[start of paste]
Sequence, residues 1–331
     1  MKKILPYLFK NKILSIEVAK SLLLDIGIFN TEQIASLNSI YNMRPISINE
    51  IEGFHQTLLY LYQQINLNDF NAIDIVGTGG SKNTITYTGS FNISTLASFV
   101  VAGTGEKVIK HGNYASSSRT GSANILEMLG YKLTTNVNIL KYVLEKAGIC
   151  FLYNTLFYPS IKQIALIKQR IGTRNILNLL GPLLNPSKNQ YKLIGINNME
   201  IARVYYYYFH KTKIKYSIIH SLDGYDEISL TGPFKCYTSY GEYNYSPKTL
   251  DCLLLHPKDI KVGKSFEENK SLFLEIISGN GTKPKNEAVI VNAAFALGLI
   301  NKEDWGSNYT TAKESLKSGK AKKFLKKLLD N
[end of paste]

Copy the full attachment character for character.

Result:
Sequence, residues 1–331
     1  MKKILPYLFK NKILSIEVAK SLLLDIGIFN TEQIASLNSI YNMRPISINE
    51  IEGFHQTLLY LYQQINLNDF NAIDIVGTGG SKNTITYTGS FNISTLASFV
   101  VAGTGEKVIK HGNYASSSRT GSANILEMLG YKLTTNVNIL KYVLEKAGIC
   151  FLYNTLFYPS IKQIALIKQR IGTRNILNLL GPLLNPSKNQ YKLIGINNME
   201  IARVYYYYFH KTKIKYSIIH SLDGYDEISL TGPFKCYTSY GEYNYSPKTL
   251  DCLLLHPKDI KVGKSFEENK SLFLEIISGN GTKPKNEAVI VNAAFALGLI
   301  NKEDWGSNYT TAKESLKSGK AKKFLKKLLD N